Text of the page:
Frequent performance reviews and helpful criticism help maintain responsibility and ensure that both sides meet their obligations.
Employee recognition and incentives
To recognize and value the efforts and accomplishments of their staff, employers should put in place an employee recognition and incentives system. Recognizing workers’ achievements can strengthen a supportive workplace environment, improve morale, and raise work satisfaction.
Verbal acknowledgment, employee awards, performance-based bonuses, or chances for professional progression can all help with this. Employers should work to foster a culture of appreciation and make sure that rewards are equitable and open.
Opportunities for professional development
To assist their employees’ growth and advancement, employers should offer their employees opportunities for professional development. Training courses, seminars, workshops, mentorship relationships, and tuition assistance for higher education all fall under this category.
Enhancing an employee’s abilities and knowledge while showing an interest in their long-term success and contentment are two benefits of investing in their professional development. Employers contribute to the social compact by establishing a learning environment that allows employees to realize their full potential.
Read Also: What is Human Resource?
Clear communication and transparency
When dealing with employees, employers should place a high priority on clear communication and transparency. Regular updates on changes in the organization, strategic goals, and any other pertinent information that can impact employees’ work are part of this.
Transparent decision-making procedures promote fairness and inclusivity while helping to increase trust. Employers must ensure that communication channels are open, welcome suggestions and criticism, and promptly and openly handle employee grievances.
What Employees Should Know about Social Contract
As an employee, understanding the intricacies of your workplace can empower you to navigate workplace challenges seamlessly. Hence, you need to;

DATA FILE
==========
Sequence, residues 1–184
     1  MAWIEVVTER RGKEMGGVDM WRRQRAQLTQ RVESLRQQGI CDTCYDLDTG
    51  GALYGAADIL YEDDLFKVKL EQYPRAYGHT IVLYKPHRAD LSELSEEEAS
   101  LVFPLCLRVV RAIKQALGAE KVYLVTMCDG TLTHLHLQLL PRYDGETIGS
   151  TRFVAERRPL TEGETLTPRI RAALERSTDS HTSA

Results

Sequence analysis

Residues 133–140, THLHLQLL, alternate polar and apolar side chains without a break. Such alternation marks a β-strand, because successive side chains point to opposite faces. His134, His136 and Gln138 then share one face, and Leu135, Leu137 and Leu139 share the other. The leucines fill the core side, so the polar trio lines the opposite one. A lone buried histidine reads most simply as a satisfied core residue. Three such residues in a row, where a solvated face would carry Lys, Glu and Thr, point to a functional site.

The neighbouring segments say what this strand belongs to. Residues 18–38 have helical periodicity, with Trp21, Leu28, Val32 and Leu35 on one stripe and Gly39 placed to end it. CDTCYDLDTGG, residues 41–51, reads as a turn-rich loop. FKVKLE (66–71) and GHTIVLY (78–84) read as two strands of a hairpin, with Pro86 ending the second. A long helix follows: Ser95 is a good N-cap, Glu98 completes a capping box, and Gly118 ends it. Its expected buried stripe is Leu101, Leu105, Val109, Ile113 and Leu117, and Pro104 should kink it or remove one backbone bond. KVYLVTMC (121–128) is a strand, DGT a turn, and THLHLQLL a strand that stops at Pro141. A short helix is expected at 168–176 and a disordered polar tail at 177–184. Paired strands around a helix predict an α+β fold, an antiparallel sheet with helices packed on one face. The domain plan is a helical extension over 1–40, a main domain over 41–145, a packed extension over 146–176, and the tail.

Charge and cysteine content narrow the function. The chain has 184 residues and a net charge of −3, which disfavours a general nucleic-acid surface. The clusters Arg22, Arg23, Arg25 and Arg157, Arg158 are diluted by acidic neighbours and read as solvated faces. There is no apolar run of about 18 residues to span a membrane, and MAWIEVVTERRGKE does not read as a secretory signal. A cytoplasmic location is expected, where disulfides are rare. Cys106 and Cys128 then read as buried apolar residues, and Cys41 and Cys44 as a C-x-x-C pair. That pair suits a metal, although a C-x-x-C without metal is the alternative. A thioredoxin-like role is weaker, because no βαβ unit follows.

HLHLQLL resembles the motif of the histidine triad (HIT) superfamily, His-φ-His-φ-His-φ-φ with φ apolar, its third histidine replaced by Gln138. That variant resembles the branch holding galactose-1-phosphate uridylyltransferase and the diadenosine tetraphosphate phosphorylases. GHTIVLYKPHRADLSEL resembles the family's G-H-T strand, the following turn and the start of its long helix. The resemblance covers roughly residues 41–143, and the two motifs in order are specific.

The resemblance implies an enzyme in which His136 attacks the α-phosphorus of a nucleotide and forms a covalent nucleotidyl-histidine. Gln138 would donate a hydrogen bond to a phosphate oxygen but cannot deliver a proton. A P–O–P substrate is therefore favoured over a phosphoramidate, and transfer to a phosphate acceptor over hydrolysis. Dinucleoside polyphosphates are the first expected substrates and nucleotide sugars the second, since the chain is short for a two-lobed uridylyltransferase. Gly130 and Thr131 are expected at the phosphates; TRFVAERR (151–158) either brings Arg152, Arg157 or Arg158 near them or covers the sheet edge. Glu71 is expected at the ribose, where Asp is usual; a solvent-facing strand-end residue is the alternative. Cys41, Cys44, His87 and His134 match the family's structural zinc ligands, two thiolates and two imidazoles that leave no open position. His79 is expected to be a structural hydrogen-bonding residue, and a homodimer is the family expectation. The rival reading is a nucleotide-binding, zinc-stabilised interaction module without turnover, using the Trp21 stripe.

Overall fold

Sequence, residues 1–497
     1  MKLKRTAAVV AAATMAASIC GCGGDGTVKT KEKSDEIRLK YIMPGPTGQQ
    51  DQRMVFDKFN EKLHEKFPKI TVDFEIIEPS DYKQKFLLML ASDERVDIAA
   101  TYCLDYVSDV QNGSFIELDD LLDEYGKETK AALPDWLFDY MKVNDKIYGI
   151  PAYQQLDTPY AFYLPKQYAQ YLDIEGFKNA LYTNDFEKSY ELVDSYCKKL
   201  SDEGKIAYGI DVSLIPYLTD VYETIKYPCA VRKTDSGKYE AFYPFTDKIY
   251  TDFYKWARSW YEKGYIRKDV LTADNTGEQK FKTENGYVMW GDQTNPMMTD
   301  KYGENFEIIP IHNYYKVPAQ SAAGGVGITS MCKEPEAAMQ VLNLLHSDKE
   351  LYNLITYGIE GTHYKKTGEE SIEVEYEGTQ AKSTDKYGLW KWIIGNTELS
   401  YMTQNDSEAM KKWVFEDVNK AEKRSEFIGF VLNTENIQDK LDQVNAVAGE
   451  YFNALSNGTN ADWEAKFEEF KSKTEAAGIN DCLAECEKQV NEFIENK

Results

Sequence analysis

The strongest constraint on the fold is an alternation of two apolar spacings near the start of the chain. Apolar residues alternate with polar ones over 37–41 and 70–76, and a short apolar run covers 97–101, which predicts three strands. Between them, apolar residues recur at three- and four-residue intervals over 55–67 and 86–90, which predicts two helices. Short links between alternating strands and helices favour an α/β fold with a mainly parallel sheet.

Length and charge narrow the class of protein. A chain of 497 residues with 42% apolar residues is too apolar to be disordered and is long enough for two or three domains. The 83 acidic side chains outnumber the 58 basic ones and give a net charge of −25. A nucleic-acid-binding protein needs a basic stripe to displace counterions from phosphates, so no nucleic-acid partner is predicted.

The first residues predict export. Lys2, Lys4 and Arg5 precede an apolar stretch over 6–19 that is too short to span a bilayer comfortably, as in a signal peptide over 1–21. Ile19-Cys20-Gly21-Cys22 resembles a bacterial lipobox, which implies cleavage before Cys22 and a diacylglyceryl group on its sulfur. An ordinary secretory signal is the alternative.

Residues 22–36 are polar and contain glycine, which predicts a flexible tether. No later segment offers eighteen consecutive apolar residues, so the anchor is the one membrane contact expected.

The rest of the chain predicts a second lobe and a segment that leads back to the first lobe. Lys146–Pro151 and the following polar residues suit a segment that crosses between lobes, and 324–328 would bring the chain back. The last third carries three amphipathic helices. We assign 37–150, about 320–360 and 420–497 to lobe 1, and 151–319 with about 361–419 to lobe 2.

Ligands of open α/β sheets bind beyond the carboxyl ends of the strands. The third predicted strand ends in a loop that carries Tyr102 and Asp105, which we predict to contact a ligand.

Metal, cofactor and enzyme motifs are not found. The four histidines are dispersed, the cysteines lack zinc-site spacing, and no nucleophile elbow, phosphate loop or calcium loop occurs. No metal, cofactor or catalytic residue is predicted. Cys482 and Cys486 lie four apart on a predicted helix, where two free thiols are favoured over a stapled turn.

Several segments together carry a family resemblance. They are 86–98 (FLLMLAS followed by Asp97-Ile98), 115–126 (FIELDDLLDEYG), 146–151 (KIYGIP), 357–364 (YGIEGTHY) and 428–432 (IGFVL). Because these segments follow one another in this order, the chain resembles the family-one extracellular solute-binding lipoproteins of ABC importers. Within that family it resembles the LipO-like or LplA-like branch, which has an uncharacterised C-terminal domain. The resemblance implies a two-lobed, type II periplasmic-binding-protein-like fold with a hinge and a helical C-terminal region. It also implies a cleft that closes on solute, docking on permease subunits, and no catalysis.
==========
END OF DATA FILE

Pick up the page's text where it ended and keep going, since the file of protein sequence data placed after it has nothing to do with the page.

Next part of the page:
Understand your rights and responsibilities
As an employee, you should be aware of your rights and duties in the workplace. Understanding corporate policy, employee contracts, and relevant labor laws are part of this. Employees aware of their rights may advocate for fair treatment and ensure that their opinions are recognized.
Fulfill your duties
You should perform your job responsibilities to the best of your abilities. It would be best to contribute to the company’s overall success by working diligently and satisfying performance standards. Learn to be proactive, accept responsibility for work, and strive for continuous improvement.
You must utilize the potential for professional development and progress that employers provide. You can raise your worth to the organization’s expectations, perform better and advance your career by developing relevant skills and knowledge.
A commitment to the social contract is shown by actively participating in training programs, asking for feedback, and setting personal development goals.
Embrace ethical conduct
Strive to uphold ethical conduct in the workplace, including being honest, respectful and maintaining confidentiality when necessary. Ethical behavior fosters trust among colleagues and contributes to a positive work environment. It is essential to adhere to ethical guidelines and company values in their interactions with coworkers, clients, and stakeholders.
You must understand how crucial cooperation and great teamwork are to accomplishing company objectives. You can assist and contribute to a cohesive and high-performing team by cooperating successfully with coworkers, sharing information and resources, and being supportive of one another.
Collaboration entails speaking up during meetings, being constructive in communication, and being open to hearing diverse viewpoints.
You must be personally responsible for your choices and behaviors. Where necessary, you should admit mistakes and take action to address any unfavorable effects. Fulfilling agreements, following deadlines, and taking responsibility for your actions make you accountable. You will contribute to a culture of trust and dependability by exhibiting personal accountability.
The social contract theory offers a valuable framework for comprehending rights and freedoms in business. However, it is crucial to remember that the contract’s specifics can differ across various African nations, cultures, legal systems, and organizations.
Both employers and employees must agree to create a fair and sustainable business environment if they continue to work together.